Sneak Peak at Postmodern Professional

All we ask is to be acknowledged. Let people know we exist.

Instead of booking those more likely to be abusers to speak at conventions and counsel relationships and to do any of this fucking intense emotional and intellectual labor with marginalized or vulnerable populations, encourage conferences, colleges, and conventions to seek us out first.

The privileged – those most likely to perpetuate or otherwise cover up or be oblivious to abuse – are currently the only ones profiting from these gigs, getting all of the resources and support that rightly belong to the marginalized, the trauma experts, the invisiblized.

Funnel the support our way. Let us create the differences necessary to keep ourselves and one another safe and accountable. The world has been flipped upside down and turned inside out.

Who better to create metanoiac restoration than the true experts, those with experiences beyond that liminal edge, the ones who have built the foundations of the world?

I Am Lilith

Hire me to do a cuil sensitivity consult.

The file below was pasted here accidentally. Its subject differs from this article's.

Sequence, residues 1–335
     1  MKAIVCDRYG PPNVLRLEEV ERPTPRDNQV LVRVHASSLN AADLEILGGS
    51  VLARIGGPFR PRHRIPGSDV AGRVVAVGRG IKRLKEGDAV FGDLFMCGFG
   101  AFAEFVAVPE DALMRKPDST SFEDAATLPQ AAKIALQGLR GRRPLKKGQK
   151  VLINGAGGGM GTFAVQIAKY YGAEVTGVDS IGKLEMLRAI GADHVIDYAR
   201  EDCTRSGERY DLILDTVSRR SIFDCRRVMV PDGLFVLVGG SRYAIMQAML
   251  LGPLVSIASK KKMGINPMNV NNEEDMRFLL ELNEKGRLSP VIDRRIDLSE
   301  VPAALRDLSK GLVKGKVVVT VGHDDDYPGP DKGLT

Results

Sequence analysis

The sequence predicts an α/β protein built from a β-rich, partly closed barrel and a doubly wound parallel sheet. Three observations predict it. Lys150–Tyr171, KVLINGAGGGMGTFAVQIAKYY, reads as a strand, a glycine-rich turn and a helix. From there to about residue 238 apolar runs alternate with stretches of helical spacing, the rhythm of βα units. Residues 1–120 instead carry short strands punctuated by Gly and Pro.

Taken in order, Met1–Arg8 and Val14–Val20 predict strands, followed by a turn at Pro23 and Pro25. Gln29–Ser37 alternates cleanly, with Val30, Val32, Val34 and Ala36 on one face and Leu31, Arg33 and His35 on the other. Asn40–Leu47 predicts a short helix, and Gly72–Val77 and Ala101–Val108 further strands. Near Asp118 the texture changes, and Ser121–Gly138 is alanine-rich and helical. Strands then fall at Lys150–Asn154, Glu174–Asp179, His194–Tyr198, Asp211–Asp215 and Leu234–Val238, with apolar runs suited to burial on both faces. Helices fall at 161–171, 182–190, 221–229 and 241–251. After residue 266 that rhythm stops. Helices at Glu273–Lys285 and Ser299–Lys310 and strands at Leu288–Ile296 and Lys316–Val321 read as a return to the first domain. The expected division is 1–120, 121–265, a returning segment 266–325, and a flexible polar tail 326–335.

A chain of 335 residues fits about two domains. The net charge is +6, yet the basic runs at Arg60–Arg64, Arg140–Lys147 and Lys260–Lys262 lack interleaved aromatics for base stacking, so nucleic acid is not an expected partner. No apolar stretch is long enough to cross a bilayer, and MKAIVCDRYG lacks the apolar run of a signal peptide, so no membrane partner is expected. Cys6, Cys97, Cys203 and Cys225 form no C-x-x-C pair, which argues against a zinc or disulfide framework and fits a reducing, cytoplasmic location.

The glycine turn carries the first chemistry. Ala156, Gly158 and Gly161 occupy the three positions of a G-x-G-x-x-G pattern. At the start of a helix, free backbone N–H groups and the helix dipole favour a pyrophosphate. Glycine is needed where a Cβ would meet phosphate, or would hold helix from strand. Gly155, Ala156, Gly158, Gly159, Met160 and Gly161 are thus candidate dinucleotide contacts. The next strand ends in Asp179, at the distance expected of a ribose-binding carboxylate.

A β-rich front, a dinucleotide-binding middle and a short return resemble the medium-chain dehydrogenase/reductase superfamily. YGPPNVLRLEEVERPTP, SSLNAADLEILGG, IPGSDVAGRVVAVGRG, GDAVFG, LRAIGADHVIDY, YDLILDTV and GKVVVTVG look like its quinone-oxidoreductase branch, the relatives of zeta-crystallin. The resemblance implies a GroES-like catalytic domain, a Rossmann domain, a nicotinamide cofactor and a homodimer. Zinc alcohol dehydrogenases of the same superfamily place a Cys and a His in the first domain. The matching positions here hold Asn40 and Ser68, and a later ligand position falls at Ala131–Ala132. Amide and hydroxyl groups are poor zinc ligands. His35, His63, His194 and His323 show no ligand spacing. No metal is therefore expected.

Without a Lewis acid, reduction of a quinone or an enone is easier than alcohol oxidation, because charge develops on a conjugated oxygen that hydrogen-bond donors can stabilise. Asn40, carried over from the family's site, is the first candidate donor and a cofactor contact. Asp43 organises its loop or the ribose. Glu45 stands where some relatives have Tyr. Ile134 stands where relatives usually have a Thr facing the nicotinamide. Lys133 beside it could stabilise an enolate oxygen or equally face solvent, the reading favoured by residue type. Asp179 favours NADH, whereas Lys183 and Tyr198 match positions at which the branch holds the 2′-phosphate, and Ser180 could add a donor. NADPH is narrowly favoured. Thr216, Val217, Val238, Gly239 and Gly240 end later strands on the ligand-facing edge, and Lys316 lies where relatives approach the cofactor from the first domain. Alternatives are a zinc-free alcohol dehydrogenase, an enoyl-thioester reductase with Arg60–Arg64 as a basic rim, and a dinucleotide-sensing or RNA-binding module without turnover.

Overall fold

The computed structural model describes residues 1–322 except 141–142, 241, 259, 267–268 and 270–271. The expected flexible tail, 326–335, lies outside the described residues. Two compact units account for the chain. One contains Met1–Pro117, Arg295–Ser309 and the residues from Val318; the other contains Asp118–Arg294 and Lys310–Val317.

Not sure if your diverse characters are cutouts or dynamic?

As a minority of minorities, I can certainly provide some insight into whether your story/ies will fall flat or resonate with the populations you’re writing about.

Or hire me as a trauma-informed accountability counselor.

I am uniquely situated to speak on and provide guidance on a variety of issues revolving around relationships, non-monogamy, intersectionality, philosophy, ethics, trauma, abuse, sex, disability, marginalized populations, power dynamics, and much, much more.

Why Choose Me?

There’s a very good chance I’m one of the oddest people you’ll ever come across. I’ve had a highly unusual life and tend to fall into the most marginalized categories of both identities and experiences.

Who Am I?

Since I appreciate full disclosure, I’m letting it all out in the open: I’m Black (with Irish and Cherokee thrown in to fuck things up further), autistic, aromantic, noetisexual (a new term coined by yours truly), demisexual/asexual (though not a celibate one), polyamorous, Relationship Anarchist, autodidact, relationship fluid (an invention of Louisa’s), disabled, single parent, in poverty, kinky switch/Dom/me, assigned female at birth, synesthetic (most notably visual/touch), intersex, genderqueer, Army brat, survivor of several forms of abuse, left-handed, singleish, and pansexual.